Businesses must be accessible to people with disabilities. Both California and federal law set specific requirements to ensure that physical barriers do not prevent such access. Below is a collection of resources for small business owners–including links to state and federal accessible design standards, advisory manuals, frequently asked questions, and toolkits–to help small business owners understand the law and make their businesses accessible.


California Resources for Physical Barriers/Accessible Design Standards: All buildings in the State of California are subject to the California Building Standards Code (the “Code”). In addition to general building requirements such as occupancy, building height and construction materials, the Code also sets out accessible design standards. This section includes links to the Code and other resources designed to help business owners make their buildings accessible.

California Division of the State Architect (DSA) Trainings and Technical Assistance: DSA develops accessibility, structural safety, and historical building codes and standards utilized in various public and private buildings throughout the State of California. The DSA website and staff offer a variety of resources to assist business owners in reaching accessible design compliance:

California Small Business Loans for ADA Improvements: The California Capital Access Program (CalCAP) Americans with Disabilities Act (CalCAP/ADA) Financing Program assists small businesses with financing the costs of altering or retrofitting existing small business facilities to comply with the requirements of the federal Americans with Disabilities Act (ADA) of 1990.

Certified Accessibility Specialist (CASp) Program: A CASp is an expert who has passed a state examination to become certified in the applicability of state and federal construction-related accessibility standards. An architect or engineer can review a building for access design standard compliance, but only a CASp has the State’s certification of accessible design expertise and only a CASp inspection can qualify a small business for the safe harbors outlined below. The California Department of General Services offers resources to find a CASp.

Legal Safe Harbors for Small Businesses (SB 269): In 2016, the California legislature enacted SB 269, which amended the California Civil Code and Government Code to provide small businesses (defined by number of employees and average annual gross receipts) with certain protections from liability under California law for technical violations of accessible design standards. (Civ. Code, §§ 55.53 and 55.56; Gov. Code, §§ 4459.7-4459.8; 8299.06; 65941.6; 65946.) Specifically, SB 269 provides the following:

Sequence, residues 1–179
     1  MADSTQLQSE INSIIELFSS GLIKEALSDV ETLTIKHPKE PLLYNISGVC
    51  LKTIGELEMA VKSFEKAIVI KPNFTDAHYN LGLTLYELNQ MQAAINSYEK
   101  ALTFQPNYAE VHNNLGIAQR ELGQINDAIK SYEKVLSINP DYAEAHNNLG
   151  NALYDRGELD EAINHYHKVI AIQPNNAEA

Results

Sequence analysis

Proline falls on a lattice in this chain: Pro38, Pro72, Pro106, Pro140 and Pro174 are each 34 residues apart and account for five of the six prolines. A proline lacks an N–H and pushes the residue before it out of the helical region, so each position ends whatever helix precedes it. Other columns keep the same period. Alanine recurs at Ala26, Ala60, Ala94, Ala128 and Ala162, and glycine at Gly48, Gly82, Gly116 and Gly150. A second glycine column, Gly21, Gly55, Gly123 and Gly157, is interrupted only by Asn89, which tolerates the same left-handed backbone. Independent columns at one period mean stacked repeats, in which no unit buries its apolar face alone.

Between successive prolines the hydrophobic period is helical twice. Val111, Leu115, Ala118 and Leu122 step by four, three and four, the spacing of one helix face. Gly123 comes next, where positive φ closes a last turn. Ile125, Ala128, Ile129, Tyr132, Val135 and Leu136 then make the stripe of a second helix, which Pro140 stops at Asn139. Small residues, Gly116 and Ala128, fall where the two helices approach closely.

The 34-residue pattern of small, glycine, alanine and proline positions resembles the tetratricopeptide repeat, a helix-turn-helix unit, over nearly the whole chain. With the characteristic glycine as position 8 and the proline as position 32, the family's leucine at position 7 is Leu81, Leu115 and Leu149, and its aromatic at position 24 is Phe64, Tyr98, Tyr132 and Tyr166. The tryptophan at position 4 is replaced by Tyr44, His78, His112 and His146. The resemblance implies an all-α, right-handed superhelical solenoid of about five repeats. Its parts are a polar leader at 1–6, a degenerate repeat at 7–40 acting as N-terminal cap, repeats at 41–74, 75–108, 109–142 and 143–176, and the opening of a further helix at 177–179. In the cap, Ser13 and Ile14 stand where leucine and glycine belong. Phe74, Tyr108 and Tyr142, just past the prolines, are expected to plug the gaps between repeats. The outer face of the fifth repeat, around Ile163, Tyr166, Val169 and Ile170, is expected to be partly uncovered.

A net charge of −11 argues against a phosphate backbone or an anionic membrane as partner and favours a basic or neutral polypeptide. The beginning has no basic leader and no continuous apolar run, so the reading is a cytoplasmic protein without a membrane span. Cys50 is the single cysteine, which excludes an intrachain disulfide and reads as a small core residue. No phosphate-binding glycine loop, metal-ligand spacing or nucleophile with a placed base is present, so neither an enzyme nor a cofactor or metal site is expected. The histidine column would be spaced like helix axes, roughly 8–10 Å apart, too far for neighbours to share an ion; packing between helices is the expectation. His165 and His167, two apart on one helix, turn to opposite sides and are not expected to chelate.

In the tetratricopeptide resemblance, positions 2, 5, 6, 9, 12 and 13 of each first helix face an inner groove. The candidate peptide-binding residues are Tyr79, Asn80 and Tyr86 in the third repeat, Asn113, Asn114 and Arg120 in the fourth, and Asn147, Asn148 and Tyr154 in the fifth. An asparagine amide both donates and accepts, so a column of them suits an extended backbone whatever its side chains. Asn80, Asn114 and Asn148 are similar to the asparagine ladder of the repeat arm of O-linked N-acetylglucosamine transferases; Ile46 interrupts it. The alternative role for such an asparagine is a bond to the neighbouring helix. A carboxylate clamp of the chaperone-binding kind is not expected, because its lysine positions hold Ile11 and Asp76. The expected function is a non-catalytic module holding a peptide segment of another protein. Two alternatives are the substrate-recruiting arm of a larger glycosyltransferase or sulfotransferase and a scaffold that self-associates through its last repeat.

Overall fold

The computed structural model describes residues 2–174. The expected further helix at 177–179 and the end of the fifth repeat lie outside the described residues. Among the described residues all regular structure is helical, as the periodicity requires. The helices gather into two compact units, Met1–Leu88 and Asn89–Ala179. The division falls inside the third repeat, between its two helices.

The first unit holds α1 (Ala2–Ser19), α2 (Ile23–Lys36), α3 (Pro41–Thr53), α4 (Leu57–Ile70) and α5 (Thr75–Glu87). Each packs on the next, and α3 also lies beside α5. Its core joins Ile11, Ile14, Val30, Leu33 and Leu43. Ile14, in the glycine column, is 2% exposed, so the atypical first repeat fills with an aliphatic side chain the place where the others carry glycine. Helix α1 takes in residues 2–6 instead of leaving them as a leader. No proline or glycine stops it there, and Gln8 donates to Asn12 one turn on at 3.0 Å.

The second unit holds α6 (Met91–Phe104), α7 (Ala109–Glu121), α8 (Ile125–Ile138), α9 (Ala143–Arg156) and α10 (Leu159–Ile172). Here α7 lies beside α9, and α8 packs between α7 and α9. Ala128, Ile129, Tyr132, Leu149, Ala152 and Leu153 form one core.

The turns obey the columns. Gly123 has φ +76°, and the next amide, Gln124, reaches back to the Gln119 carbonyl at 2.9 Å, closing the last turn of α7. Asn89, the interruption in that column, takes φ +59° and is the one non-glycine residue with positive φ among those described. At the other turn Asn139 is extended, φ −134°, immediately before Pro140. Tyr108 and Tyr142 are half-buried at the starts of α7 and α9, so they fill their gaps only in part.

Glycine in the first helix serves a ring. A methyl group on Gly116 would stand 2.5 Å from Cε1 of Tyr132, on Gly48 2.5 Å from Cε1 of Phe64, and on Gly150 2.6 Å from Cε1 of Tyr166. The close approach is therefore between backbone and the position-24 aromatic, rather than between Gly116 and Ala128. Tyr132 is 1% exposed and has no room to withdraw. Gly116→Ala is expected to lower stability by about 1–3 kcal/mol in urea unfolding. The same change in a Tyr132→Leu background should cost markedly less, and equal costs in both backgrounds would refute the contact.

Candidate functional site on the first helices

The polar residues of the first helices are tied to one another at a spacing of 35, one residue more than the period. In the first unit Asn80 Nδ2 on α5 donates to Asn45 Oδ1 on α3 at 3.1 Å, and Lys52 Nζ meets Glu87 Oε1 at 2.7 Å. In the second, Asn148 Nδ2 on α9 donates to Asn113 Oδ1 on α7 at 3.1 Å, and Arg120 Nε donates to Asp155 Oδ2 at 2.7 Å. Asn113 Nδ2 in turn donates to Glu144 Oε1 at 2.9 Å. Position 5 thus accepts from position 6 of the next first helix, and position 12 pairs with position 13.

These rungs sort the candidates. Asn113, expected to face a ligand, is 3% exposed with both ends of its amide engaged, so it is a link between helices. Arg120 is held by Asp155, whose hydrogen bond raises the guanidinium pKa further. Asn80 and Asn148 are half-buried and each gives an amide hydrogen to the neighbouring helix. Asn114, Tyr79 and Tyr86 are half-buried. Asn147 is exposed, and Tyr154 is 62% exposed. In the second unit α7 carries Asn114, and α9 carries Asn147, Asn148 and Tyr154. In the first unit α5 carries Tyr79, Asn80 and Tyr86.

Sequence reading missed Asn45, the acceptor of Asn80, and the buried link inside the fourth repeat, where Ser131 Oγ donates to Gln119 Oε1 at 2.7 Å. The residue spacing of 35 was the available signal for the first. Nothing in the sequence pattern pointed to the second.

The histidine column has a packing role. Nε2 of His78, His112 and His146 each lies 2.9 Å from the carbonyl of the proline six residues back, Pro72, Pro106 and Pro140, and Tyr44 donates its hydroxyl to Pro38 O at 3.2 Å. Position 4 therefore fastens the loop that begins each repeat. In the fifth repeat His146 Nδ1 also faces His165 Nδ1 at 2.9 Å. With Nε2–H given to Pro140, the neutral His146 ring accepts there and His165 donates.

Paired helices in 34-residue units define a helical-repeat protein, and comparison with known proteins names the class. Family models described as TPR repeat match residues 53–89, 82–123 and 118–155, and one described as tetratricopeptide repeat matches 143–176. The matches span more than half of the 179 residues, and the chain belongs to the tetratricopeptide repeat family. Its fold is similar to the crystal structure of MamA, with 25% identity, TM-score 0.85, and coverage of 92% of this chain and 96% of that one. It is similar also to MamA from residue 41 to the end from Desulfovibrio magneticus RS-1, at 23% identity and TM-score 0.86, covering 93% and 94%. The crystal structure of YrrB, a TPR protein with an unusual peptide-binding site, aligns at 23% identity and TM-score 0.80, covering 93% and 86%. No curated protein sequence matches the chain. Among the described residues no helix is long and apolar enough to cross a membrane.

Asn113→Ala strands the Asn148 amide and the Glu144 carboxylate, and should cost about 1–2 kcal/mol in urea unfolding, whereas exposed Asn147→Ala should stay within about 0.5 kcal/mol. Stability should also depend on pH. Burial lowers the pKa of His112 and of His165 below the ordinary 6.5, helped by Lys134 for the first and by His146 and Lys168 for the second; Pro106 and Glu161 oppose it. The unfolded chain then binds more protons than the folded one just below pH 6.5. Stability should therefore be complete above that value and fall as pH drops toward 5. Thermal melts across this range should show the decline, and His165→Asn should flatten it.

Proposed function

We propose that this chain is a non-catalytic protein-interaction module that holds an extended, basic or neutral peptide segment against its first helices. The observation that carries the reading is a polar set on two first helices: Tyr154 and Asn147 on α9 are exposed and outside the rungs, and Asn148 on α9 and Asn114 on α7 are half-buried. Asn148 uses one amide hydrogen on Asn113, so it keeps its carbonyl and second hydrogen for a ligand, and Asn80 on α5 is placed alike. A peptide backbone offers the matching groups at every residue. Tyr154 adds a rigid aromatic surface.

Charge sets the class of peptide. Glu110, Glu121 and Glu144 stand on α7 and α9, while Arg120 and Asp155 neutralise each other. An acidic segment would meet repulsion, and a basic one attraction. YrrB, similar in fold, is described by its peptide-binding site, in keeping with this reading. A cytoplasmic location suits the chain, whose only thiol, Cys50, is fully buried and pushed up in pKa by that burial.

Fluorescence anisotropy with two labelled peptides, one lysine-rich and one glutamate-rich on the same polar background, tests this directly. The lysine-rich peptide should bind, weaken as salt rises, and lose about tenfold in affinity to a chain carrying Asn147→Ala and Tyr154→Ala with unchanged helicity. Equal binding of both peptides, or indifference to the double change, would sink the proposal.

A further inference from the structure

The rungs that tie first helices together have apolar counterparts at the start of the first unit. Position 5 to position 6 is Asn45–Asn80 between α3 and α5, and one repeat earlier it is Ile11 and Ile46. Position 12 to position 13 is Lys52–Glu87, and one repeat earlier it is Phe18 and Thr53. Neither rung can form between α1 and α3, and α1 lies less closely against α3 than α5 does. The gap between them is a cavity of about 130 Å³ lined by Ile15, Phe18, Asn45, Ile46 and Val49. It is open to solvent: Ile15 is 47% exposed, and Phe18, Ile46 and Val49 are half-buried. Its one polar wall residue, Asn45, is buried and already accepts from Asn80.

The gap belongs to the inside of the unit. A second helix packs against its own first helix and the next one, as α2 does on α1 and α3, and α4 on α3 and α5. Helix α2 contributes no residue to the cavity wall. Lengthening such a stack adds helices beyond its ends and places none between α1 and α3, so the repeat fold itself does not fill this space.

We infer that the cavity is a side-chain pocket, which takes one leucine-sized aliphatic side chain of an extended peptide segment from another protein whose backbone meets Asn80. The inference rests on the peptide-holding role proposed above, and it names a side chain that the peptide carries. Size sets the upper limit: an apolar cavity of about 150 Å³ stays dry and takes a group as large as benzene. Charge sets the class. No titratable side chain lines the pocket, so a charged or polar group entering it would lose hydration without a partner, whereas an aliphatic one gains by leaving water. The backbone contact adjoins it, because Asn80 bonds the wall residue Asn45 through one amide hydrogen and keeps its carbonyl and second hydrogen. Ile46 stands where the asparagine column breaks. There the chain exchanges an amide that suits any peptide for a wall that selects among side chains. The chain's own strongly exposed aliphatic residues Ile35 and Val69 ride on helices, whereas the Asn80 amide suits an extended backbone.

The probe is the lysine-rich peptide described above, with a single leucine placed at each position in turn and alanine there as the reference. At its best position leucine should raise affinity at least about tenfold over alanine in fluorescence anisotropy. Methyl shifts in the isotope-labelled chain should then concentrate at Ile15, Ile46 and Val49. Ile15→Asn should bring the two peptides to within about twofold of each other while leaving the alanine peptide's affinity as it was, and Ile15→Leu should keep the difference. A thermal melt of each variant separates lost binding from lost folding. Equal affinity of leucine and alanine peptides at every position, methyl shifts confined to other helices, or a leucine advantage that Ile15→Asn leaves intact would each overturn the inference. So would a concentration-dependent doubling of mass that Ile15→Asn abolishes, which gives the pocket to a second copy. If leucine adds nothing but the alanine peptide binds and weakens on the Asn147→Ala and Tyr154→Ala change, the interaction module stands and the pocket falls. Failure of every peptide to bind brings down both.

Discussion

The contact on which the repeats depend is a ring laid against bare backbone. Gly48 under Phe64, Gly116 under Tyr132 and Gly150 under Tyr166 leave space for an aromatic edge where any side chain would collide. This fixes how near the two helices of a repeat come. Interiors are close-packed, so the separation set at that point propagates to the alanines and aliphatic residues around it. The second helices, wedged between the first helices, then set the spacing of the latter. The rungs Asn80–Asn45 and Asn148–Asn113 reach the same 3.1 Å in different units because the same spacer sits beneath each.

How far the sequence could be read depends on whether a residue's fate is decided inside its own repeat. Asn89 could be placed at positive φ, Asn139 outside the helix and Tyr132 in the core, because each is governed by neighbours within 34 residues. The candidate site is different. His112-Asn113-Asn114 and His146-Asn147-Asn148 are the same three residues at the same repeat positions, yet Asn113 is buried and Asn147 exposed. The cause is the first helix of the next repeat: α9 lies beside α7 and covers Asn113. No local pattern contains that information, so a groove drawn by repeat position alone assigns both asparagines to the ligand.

• Businesses with fewer than 25 employees and average annual gross receipts of less than $3.5 million can avoid statutory damages for a list of enumerated technical violations—such as failure to post interior accessibility signs or incorrect parking lot striping—as long as they correct the violations within 15 days of service of the complaint or demand letter. (Civ. Code, § 55.56, subd. (e)(1).)
  • Businesses with 50 or fewer employees may also claim protection if they conducted a CASp inspection prior to service of a complaint or demand letter and corrected any violations identified within 120 days of the inspection. (Civ. Code, § 55.56, subd. (g)(3).)
  • Businesses with 50 or fewer employees may be granted additional time to correct violations that require a permit. (Civ. Code, § 55.56, subd. (g)(5).)
  • Additionally, businesses with 50 or fewer employees can have statutory damages reduced by at least half if they previously had a CASp inspection and corrected violations within 30-60 days of being served with a complaint. (Civ. Code, § 55.56, subd. (g)(1)-(2).) See above for additional information on the CASp Program.

California Department of Rehabilitation (DOR): DOR is a state agency that provides vocational training and other related services to people with disabilities. In addition to working with businesses to employ people with disabilities, DOR offers several resources to help businesses understand and comply with accessible design standards.


Local Building Departments: Local jurisdictions may offer technical assistance regarding state building code compliance through the local building department or building inspector. These resources generally focus on local and state accessibility requirements, but businesses can also consult with a CASp, as described above, to ensure compliance with federal requirements as well. Check the California Architects Board website to find your local building department.

Some local jurisdictions have webpages and publications with information about accessibility for people with disabilities. Here are some examples in alphabetical order by jurisdiction:


Federal Accessible Design Standards: In addition to the California Building Standards Code, businesses must also comply with applicable federal accessible design standards. As described above, a CASp is certified in state and federal accessible design standards and can help small businesses understand which standards apply to their business and how to implement them.

Federal ADA Guidance for Small Businesses: The United States Department of Justice (U.S. DOJ) Civil Rights Division maintains a website dedicated to facilitating compliance with the ADA.

Federal Tax Incentives: Two federal tax incentives are available to help cover costs of making access improvements for people with disabilities.